THE Iraqi government says that it is implementing tough new measures to protect the country’s Christians, and has urged them not to leave.
The Baghdad authorities decided to take action after eight churches were targeted in what is being regarded as a systematic campaign against the minority Christian community. At least four people were killed, and more than 30 were injured in the bombings, which took place over a 48-hour period.
An Iraqi government spokesman, Ali al-Dabbagh, said: “We will do everything within our power to prevent further attacks and ensure that our Iraqi Christian community can remain in Iraq and live peacefully. We ask them to stay.”
The government has so far declined to explain what precise measures it will take.
The Chaplain of St George’s, Baghdad, Canon Andrew White, said in a statement on Sunday that, “our church was not attacked, but we have had to increase our security, and a curfew has been imposed.”
The Bishop in Cyprus & the Gulf, the Rt Revd Michael Lewis, said on Tuesday that he was “horrified to hear of the attacks, which illustrate the fragility of the situation in Iraq for all Iraqis, but particularly for Iraqi Christians”. He said that increasing security at churches would put the Christian community under further financial strain.
The four people who were killed were at the Chaldean Church of St Mary, in eastern Baghdad. A car bomb exploded outside the church. The Chaldean Auxiliary Bishop in Baghdad, Mgr Shlemon Warduni, said that churches across Iraq had received warnings that they would be attacked. “We warned the authorities of what we feared was going to happen,” he said, “but we got no response.”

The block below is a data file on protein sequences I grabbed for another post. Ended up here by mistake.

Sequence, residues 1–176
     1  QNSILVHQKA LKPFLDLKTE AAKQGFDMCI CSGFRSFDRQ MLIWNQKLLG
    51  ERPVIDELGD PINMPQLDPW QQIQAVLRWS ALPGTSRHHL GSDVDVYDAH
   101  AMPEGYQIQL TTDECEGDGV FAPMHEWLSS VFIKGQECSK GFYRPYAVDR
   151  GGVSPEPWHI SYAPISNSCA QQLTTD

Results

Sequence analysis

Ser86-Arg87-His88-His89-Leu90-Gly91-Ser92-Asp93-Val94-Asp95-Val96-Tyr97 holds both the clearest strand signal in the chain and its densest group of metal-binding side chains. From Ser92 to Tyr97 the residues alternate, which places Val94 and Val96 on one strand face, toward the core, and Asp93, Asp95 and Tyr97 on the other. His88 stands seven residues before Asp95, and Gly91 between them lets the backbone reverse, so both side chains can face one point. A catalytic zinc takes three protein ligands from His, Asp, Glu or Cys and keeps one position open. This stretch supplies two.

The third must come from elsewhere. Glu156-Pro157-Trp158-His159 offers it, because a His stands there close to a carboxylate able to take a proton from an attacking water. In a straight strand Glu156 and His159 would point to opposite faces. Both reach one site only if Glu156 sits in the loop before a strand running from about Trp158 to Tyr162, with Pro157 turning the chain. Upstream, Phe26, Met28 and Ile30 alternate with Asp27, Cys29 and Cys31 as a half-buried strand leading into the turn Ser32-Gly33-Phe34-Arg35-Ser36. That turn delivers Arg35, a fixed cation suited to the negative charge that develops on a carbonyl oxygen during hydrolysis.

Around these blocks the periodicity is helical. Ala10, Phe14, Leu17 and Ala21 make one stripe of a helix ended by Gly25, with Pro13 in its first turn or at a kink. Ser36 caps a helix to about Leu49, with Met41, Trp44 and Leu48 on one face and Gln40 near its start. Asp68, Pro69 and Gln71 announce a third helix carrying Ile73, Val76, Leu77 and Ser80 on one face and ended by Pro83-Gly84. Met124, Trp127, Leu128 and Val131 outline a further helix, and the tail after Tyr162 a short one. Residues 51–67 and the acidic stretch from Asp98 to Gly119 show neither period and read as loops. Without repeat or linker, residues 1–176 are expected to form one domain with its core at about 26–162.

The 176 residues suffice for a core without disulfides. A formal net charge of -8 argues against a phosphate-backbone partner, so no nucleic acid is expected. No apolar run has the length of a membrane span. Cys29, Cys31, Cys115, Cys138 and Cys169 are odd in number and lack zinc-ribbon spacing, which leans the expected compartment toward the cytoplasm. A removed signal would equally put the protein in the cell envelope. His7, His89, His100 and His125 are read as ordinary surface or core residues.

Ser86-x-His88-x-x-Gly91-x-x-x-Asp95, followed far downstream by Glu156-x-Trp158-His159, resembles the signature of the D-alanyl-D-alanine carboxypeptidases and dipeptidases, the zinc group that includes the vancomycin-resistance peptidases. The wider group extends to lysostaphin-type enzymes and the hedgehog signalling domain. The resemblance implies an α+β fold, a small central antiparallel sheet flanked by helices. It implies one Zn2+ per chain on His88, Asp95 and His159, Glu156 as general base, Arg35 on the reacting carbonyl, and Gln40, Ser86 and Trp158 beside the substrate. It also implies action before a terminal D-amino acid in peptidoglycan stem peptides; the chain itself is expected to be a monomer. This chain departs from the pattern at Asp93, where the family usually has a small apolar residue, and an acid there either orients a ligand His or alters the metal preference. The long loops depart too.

After a bomb exploded outside a church in Mosul last Sunday, police imposed a curfew. On the same day, a Christian who worked in the provincial government was killed.
No group has claimed responsibility for the attacks on Christian targets, nor is there an explanation why they should have happened now.
Last October, hundreds of Christians left Mosul after members of the community were killed. The fear now is that still more Christian families will decide to leave Iraq. It is estimated that about 250,000 of the original community of 800,000 have already departed.
Nevertheless, in the view of Bishop Lewis, most of the community will stay. “The vast majority of indigenous Christians I spoke to said they were determined to stay in Iraq to bear witness not just to the Christian faith, but also to their vision of a mixed Iraq. All the same, our anxieties remain high.”